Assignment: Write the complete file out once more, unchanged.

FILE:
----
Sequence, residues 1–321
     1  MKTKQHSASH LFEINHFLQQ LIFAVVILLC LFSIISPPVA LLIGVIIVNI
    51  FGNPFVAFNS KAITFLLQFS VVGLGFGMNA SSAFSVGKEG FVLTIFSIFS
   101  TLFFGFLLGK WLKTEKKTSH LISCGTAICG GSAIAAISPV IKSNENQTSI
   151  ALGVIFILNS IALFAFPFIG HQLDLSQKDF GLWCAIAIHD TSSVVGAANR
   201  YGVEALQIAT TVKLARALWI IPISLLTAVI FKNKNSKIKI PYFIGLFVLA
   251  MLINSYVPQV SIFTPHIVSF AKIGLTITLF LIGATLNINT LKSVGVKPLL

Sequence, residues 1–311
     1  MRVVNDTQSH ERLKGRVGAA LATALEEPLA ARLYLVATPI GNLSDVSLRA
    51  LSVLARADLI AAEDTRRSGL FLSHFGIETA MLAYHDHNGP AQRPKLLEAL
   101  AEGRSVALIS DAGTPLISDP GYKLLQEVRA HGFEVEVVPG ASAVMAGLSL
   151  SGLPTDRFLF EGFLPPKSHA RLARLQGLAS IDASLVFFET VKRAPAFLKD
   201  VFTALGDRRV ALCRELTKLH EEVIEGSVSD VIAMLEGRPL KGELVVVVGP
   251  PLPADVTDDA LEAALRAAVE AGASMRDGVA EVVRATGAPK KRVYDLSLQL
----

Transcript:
Sequence, residues 1–321
     1  MKTKQHSASH LFEINHFLQQ LIFAVVILLC LFSIISPPVA LLIGVIIVNI
    51  FGNPFVAFNS KAITFLLQFS VVGLGFGMNA SSAFSVGKEG FVLTIFSIFS
   101  TLFFGFLLGK WLKTEKKTSH LISCGTAICG GSAIAAISPV IKSNENQTSI
   151  ALGVIFILNS IALFAFPFIG HQLDLSQKDF GLWCAIAIHD TSSVVGAANR
   201  YGVEALQIAT TVKLARALWI IPISLLTAVI FKNKNSKIKI PYFIGLFVLA
   251  MLINSYVPQV SIFTPHIVSF AKIGLTITLF LIGATLNINT LKSVGVKPLL

Sequence, residues 1–311
     1  MRVVNDTQSH ERLKGRVGAA LATALEEPLA ARLYLVATPI GNLSDVSLRA
    51  LSVLARADLI AAEDTRRSGL FLSHFGIETA MLAYHDHNGP AQRPKLLEAL
   101  AEGRSVALIS DAGTPLISDP GYKLLQEVRA HGFEVEVVPG ASAVMAGLSL
   151  SGLPTDRFLF EGFLPPKSHA RLARLQGLAS IDASLVFFET VKRAPAFLKD
   201  VFTALGDRRV ALCRELTKLH EEVIEGSVSD VIAMLEGRPL KGELVVVVGP
   251  PLPADVTDDA LEAALRAAVE AGASMRDGVA EVVRATGAPK KRVYDLSLQL